This research follows a systematic literature review process that consists of three key stages: planning the review, conducting the review, and reporting the review. Starting with an initial set of about 1,000 research articles, 65 were selected for this review, using an inclusion and exclusion criteria. Qualitative and quantitative data were extracted from the selected literatures following a data extraction strategy in six themes of data extraction. The extracted data were synthesized to formulate the stated research questions to obtain the review goals.

Findings

This systematic review identified research strengths, gaps, and challenges. Apart from this, further research possibilities were also explored in this review. For research, the review showed clear needs for more researches to increase both the number and the quality of studies that can be focused on the research gaps identified by this systematic review related to: outcome validation; cultural issues consideration; user interfaces of mobile applications and websites; semiotics perception in usability evaluation; and further improve the value and applicability of research ideas. For practice, the review showed the significance of semeiotics in user interface design and usability evaluation to develop users' intuitive interfaces for boosting the system's usability.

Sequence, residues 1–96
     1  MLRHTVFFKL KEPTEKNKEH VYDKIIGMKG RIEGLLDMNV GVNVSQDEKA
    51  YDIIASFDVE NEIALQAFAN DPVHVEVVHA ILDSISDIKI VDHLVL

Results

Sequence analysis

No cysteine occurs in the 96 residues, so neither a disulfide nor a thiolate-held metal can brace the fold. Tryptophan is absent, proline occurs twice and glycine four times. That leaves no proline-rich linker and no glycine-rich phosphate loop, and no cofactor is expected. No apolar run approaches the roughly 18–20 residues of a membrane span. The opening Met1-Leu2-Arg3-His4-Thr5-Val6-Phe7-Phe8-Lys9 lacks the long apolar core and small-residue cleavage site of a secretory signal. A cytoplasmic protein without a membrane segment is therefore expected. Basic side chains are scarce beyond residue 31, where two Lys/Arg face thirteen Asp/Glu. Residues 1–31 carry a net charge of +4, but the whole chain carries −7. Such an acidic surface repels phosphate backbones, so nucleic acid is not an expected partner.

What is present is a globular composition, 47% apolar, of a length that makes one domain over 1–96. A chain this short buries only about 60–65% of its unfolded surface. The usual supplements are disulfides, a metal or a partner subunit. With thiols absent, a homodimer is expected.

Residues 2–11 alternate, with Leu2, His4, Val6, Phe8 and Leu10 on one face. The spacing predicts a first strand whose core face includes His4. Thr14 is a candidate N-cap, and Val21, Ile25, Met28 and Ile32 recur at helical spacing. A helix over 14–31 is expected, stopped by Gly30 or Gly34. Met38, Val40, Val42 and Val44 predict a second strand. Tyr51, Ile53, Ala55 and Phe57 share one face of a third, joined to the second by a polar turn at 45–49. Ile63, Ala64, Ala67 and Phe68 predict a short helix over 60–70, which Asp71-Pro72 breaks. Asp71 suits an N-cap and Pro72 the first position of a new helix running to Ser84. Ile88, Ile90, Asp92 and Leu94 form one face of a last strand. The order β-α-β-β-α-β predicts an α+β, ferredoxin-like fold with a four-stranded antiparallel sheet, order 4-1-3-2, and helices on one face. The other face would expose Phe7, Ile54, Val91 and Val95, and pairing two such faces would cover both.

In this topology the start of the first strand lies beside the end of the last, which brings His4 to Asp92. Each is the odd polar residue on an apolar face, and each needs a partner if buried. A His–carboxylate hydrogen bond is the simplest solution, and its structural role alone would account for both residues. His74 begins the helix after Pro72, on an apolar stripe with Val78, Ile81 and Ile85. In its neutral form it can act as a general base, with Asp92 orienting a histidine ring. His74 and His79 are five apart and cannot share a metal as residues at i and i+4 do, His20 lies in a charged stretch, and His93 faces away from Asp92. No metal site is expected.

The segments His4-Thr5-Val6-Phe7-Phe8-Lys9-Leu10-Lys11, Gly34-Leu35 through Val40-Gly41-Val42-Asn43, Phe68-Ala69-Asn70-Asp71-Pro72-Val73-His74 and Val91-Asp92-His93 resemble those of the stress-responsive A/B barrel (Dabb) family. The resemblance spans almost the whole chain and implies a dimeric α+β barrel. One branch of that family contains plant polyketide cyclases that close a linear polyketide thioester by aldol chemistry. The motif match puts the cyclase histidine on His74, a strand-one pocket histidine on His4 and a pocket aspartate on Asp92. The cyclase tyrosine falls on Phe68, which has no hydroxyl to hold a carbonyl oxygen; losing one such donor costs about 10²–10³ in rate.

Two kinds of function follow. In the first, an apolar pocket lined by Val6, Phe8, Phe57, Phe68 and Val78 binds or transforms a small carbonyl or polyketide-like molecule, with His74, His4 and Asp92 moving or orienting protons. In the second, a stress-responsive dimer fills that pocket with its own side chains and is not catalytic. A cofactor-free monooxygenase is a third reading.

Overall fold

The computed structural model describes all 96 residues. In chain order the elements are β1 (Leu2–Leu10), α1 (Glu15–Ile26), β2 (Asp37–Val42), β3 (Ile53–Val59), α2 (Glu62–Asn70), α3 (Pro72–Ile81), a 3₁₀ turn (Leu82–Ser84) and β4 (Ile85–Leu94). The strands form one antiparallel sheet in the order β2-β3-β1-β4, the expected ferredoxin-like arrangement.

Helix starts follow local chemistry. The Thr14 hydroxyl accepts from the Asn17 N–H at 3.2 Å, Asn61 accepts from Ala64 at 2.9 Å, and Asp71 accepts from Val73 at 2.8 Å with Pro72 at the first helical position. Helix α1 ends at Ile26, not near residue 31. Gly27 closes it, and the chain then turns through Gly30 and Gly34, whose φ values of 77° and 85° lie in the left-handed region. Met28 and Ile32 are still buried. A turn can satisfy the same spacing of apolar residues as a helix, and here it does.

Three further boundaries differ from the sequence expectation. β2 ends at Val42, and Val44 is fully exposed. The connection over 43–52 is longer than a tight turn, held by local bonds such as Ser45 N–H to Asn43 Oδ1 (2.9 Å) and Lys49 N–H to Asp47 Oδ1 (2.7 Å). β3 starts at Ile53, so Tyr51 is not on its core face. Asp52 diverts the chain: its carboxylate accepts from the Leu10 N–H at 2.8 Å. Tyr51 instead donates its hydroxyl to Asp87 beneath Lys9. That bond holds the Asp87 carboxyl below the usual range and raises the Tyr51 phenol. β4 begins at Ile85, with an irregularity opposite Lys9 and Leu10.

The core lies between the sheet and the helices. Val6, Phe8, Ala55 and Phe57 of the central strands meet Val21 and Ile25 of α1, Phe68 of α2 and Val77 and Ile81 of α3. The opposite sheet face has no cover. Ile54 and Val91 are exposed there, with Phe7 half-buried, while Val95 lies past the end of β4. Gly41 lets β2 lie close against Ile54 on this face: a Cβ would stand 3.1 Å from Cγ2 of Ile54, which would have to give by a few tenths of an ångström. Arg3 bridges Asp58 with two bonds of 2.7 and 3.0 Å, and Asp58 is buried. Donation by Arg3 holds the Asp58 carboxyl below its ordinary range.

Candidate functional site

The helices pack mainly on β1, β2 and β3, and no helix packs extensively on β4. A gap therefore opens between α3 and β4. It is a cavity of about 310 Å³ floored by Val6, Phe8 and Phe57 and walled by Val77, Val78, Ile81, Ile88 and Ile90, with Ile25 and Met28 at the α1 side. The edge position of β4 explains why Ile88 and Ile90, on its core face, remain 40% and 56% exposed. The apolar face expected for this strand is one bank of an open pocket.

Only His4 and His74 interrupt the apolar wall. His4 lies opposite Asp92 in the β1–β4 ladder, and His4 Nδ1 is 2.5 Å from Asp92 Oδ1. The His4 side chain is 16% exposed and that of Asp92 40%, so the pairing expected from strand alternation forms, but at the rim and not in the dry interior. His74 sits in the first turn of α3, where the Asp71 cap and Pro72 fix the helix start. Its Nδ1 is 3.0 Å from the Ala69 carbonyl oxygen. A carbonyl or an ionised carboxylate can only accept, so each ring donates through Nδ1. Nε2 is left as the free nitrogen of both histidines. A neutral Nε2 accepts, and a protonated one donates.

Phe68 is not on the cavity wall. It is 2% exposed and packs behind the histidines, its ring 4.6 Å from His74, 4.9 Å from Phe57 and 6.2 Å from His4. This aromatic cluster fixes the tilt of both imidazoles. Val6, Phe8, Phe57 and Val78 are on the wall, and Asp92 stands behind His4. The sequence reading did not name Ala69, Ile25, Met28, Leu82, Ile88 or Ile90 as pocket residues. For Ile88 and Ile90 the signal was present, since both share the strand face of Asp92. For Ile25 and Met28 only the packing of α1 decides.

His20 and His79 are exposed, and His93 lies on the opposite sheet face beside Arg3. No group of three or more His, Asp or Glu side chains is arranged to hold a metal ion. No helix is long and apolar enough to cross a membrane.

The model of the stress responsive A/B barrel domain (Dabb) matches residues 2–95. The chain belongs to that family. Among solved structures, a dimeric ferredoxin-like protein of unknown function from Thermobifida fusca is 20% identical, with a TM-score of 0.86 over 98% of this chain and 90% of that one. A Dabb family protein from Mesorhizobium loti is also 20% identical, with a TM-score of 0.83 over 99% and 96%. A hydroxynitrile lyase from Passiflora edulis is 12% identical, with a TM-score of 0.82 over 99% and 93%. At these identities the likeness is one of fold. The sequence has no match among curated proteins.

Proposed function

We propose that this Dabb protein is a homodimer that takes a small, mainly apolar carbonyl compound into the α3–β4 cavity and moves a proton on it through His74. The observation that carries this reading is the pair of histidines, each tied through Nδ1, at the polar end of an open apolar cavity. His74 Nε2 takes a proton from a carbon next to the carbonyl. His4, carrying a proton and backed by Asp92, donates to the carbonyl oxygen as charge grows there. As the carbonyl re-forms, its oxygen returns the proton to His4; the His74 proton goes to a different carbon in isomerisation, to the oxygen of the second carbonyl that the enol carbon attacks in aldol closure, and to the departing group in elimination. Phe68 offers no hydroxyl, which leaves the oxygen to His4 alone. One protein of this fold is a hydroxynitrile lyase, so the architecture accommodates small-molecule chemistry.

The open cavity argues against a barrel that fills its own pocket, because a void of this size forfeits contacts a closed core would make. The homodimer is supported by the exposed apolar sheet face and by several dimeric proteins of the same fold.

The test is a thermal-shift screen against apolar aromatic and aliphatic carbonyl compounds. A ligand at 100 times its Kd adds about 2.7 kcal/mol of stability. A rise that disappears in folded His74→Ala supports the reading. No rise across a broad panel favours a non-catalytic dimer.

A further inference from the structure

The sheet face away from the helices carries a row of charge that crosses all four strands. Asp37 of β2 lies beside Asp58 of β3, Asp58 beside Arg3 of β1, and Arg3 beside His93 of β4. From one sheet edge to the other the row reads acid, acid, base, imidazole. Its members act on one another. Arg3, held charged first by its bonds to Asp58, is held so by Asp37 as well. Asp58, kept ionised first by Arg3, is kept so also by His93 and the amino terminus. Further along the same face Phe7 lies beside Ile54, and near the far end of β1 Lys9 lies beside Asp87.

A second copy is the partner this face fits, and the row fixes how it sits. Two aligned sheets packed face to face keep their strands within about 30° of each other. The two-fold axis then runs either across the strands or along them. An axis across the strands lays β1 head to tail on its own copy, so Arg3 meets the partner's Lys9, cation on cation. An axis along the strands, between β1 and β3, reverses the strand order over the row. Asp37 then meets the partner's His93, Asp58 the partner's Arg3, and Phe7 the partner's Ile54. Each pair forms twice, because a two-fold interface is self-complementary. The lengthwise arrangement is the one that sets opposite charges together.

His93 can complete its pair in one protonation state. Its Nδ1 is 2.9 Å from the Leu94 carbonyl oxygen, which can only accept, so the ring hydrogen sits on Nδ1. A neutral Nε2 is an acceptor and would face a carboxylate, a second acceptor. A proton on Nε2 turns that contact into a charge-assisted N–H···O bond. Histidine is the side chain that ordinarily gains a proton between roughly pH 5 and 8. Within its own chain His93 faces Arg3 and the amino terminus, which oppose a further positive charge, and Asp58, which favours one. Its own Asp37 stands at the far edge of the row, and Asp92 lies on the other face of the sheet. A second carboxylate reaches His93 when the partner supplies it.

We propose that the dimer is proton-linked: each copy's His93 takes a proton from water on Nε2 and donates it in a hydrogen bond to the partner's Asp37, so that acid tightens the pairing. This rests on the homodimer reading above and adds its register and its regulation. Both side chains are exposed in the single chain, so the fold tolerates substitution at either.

Originality/value

Based on a systematic literature review, the paper not only depicts the current status of semiotics research in user interface design and evaluation, but also provides a number of implications for research and practice. Thus, the review contributes to the scientific community of user interface design and evaluation, as well as suggesting the actual advances in the state of the practice in semiotics research on user interface.

Article
Publication date: 4 November 2014

Muhammad Nazrul Islam and Franck Tétard

The purpose of this empirical study was to address two important concerns of Web usability: how user-intuitive interface signs affect Web usability and how applying…

1159

Abstract

Purpose

The purpose of this empirical study was to address two important concerns of Web usability: how user-intuitive interface signs affect Web usability and how applying semiotics (i.e. the doctrine of signs) in user interface (UI) design and evaluation helps to improve usability.

Design/methodology/approach

An empirical research approach is followed here to conduct three user tests. These tests were conducted on a Web application with 17 test participants. Data were gathered through laboratory-based think-aloud usability test, questionnaires and interviews. Following an empirical research approach, statistics and user behavior analysis were used to analyze the data.

Findings